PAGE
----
According to Seccombe, following the success of Raspe’s work, the publisher employed other writers to add to and expand the Baron’s adventures; by the seventh edition, in 1793, they had reached essentially the form in which we have them now.

But then there is this edition:


In his Introduction, John Carswell attributes more of the work to Raspe than Seccombe does, and argues….

But I find myself unwilling to venture too far into the thickets of these questions of authorship; for our purposes, the book was written near the close of the 18th century, and can be taken to represent some ideas that Europeans had about Canada at that time. Those who wish to know more about the history and authorship of the Baron’s adventures can follow those questions on their own.

The book is divided into two volumes, each containing references to Canada, and each slightly different stylistically. I’ve decided to treat the two volumes in two separate posts, mainly to keep the treatment of Raspe from becoming too unwieldy.

The First Volume

The Baron’s adventures are narrated in the first person, as if he were relating them to dinner guests. The events become more outlandish as the first volume proceeds, ranging  from the highly improbable (single-handedly killing thousands of polar bears with a knife) to the utterly impossible (making love to Venus (the goddess, not the planet) at the centre of a volcano) to the completely fantastical (his trip to the Moon).

Here’s one example, just for fun: while travelling in Ceylon, the Baron is suddenly confronted by a hungry lion about to spring at him; he turns to run away, only to find a crocodile right behind him with its jaws wide open, about to devour him. Seeing no hope for escape, when the lion springs at him, the Baron simply falls to the ground; to his great delight, the lion jumps headfirst into the crocodile’s mouth, and the Baron is saved.

But on to the references to Canada. This first one comes from a part of the book which Carswell attributes to Raspe, but Seccombe does not; I prefer to think it is by Raspe, just so that our country (or at least one of its major features) can be mentioned by the original author:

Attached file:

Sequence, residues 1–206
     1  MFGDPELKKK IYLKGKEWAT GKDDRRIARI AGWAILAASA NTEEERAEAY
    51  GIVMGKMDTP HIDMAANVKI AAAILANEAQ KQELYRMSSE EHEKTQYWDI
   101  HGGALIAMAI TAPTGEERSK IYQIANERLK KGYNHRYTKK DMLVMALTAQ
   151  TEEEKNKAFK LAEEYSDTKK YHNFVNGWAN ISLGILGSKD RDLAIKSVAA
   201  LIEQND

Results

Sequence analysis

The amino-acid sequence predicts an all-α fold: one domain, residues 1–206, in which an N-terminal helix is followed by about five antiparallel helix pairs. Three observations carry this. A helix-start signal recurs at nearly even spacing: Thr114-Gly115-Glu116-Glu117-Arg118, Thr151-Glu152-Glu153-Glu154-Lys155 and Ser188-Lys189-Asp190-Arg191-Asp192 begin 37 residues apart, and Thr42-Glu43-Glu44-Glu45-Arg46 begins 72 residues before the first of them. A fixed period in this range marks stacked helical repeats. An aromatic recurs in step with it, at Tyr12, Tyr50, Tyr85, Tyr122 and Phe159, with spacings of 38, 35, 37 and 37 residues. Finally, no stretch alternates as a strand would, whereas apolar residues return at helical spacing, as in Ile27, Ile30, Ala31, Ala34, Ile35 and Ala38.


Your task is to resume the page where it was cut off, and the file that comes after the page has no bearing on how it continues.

I embarked at Portsmouth in a first-rate English man-of-war, of one hundred guns, and fourteen hundred men, for North America. Nothing worth relating happened till we arrived within three hundred leagues of the river St. Laurence, when the ship struck with amazing force against (as we supposed) a rock….  (35)

Of course it’s not a rock – it’s the nose of a gigantic whale, which attacks the ship, then takes the anchor in its mouth and drags the ship off. There isn’t much about Canada here; the St. Lawrence river (note the alternate spelling)  is merely used as a marker of location, and one could argue that it is really just a generic feature of North America. However, the river played such an important role in Canada’s history that we Canadians tend to feel somewhat proprietary about it.

A more interesting reference comes after Munchausen has flown from Europe to South America on the back of one of two giant eagles. (To avoid any possible confusion, the “bladders” mentioned in the passage below are pods that grow on a certain South American tree and are filled with “the most delicious wine”.)

Each [i.e. each eagle] reassumed its former station; and directing their course to the northward, they crossed the Gulf of Mexico, entered North America, and steered directly for the Polar regions, which gave me the finest opportunity of viewing this vast continent that can possibly be imagined.
Before we entered the frigid zone the cold began to affect me; but piercing one of my bladdders, I took a draught [aren’t you glad I explained the “bladders” in advance?], and found that it could make no impression on me afterwards. Passing over Hudson’s Bay, I saw several of the Company’s ships lying at anchor, and many tribes of Indians marching with their furs to market….
In these cold climates I observed that the eagles flew with greater rapdity, in order, I suppose, to keep their blood in circulation. In passing Baffin’s Bay I saw several large Greenlandmen to the eastward, and many surprising mountains of ice in those seas.  (112-13)

What we have here are not the genuine impressions of a European traveller who had visited our country; rather, we are treated to a tour of what an educated European would have thought he knew about Canada in the absence of any direct knowledge.

First, a very familiar idea: ice, cold, Polar regions, frigid zones – in a couple of short paragraphs we have a catalogue of different ways of making essentially the same point: Canada is cold.